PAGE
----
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Joined: Fri Dec 20, 2013 12:24 pm
Posts: 252
So found my info....in general...

1) take body weight, add a '0' to get your calorie needs at complete rest, doing nothing.
2) add 500-1000 calories for your day to day activities. If you're largely sedentary, go on the low end, if pretty active, moving around, go high....
3) working out and intensity adds another 300-800 cals.

This gives you general range.....so,

take 180lb guy...

1800 cals doing nothing....pretty active non-sedentary lifestyle...another 1000...2800....
working out hard, cardio, weights, etc....another 500....
So ballpark it at 3300 cals with some variance make it 3200-3500....clean, plantbased, nutrient dense foods.

If he wants to put on some weight, more to the high side....
If he wants to lean up, cut bodyfat, more to the 3200 side.....

Check your progress every 2 weeks or so....starting to look a little too soft in the wrong places, then cut cals down a little, or change up what you're eating and when...getting too lean or losing weight, then add some. Small adjustments, like 5%....give it another 2 weeks and check again....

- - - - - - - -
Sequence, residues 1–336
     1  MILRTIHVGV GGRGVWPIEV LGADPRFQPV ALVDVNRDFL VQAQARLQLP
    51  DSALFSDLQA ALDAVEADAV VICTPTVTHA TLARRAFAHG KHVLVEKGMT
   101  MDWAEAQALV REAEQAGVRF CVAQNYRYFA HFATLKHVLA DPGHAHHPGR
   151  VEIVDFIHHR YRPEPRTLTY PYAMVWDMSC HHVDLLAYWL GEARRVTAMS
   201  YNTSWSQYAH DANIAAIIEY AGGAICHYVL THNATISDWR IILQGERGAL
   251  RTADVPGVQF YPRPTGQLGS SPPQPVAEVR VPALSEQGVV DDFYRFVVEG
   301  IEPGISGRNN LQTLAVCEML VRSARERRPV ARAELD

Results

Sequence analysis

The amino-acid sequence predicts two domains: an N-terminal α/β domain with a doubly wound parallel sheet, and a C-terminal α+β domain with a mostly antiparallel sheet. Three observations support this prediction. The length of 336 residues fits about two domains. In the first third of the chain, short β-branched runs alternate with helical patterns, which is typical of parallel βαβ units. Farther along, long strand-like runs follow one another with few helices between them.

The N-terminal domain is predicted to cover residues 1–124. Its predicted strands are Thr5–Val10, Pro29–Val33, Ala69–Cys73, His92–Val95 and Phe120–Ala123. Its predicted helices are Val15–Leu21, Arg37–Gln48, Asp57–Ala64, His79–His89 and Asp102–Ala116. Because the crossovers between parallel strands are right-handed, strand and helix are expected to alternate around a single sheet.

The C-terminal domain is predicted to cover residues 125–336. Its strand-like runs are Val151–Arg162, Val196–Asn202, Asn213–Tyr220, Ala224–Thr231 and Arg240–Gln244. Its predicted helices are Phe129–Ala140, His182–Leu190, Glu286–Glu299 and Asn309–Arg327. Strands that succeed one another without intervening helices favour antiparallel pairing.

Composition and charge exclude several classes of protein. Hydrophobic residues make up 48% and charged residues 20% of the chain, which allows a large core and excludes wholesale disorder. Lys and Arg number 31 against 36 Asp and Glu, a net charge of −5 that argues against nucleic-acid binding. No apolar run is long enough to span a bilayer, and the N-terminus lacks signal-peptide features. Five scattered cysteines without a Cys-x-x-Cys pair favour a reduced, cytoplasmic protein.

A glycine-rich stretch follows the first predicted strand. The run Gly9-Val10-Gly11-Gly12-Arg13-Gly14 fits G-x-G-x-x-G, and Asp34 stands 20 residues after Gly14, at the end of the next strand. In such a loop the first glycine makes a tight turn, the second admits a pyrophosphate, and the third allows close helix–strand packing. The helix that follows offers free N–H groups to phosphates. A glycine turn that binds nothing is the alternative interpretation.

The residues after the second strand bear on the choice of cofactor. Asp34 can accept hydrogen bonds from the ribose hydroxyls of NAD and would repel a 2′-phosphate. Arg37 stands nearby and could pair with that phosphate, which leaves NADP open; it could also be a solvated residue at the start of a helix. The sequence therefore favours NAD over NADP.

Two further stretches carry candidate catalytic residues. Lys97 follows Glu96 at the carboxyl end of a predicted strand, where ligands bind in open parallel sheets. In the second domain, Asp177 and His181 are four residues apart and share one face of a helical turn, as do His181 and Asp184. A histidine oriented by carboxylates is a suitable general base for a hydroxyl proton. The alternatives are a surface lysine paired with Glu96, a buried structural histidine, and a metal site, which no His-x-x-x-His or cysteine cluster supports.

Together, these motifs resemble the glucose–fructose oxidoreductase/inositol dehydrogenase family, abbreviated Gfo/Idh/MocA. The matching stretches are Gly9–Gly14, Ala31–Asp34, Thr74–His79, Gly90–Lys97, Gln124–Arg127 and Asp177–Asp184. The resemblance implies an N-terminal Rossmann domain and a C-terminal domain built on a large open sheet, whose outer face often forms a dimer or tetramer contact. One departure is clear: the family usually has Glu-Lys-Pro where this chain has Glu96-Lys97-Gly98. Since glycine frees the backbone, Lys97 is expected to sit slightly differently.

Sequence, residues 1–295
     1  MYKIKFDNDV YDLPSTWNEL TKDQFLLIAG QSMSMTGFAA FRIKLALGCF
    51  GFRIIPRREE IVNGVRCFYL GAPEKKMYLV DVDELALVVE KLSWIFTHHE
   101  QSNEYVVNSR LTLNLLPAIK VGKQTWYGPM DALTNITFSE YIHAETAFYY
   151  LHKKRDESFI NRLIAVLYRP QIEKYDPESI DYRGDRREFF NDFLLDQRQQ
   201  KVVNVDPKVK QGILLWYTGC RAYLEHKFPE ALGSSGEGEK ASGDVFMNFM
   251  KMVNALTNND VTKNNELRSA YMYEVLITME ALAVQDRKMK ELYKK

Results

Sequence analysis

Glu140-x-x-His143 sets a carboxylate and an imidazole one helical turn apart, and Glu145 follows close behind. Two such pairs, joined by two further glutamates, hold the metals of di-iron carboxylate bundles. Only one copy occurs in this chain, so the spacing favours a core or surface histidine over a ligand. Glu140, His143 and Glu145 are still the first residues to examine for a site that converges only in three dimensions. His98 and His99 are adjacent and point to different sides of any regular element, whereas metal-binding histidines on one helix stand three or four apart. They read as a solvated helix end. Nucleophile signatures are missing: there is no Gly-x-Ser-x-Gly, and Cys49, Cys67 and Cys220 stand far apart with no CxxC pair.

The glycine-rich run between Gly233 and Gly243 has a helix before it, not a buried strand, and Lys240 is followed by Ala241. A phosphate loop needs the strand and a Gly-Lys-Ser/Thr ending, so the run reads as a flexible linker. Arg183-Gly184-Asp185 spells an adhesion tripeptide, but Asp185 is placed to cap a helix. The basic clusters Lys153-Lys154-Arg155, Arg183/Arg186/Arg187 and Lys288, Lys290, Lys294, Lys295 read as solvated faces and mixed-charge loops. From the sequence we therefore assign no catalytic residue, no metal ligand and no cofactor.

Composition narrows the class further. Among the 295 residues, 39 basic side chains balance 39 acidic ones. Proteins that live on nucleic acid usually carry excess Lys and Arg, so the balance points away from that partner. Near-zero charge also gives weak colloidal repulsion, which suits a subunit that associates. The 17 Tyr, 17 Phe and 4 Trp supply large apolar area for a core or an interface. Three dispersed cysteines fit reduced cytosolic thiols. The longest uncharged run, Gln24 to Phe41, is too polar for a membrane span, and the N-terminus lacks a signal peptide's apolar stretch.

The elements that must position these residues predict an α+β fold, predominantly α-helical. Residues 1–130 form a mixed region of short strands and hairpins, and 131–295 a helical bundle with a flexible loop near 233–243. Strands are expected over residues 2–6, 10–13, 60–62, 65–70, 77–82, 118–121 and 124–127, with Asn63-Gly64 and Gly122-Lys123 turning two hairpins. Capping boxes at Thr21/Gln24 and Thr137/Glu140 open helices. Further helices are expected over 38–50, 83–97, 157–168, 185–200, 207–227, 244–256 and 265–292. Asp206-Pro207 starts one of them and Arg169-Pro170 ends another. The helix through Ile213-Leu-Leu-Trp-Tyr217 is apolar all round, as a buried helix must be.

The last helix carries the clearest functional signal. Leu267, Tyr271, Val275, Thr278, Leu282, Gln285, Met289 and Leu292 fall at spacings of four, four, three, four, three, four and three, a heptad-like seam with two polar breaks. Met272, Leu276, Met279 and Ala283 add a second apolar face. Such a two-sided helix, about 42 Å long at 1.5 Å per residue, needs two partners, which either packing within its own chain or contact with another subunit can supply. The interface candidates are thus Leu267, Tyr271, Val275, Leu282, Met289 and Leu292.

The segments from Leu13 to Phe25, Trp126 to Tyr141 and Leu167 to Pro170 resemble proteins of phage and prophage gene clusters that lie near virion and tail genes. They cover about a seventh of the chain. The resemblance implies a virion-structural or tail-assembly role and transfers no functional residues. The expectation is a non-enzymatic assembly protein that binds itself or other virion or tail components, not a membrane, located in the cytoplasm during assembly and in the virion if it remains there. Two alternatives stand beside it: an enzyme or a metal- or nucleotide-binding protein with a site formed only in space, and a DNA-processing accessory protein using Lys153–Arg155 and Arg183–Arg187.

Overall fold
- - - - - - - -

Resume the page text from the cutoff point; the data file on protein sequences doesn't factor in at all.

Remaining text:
Matching it up with more accurate calculations gives me same answer, within about 40 cals, and with rounding errors and some variation in my foods it's all 'close enough'.....

:-)


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 Post subject: Re: Too underweight to train?
PostPosted: Fri Jan 29, 2016 2:16 am 
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Finch

Joined: Thu Jan 21, 2016 4:48 am
Posts: 5
I've spent a whole week just eating sooo much food, so i think I'm up at about 110 lbs by now.
110 + 1000 + things have calmed down at work now but I'm still up on my feet for 6-8h, 4-5 days a week.
I'm thinking around 1750 on non working out days and 2000-2100 on working out days.

I eat mostly low fat high carb foods = traditional vegan stuff I guess.
Fruit, veggies, beans, lentils, pasta, rice, bread etc.
I don't like oils (they break me out) and don't eat much processed foods (too expensive and very salty).

I'm getting some weights for my birthday next week but as a beginner I'm not sure how low/heavy to start with.
I've started doing a program with my little 2 kg dumbbells (4.4 lbs x 2).
Would 10 kgs (2 x 5 kg) be too much? I want results but I don't want to injure myself...


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 Post subject: Re: Too underweight to train?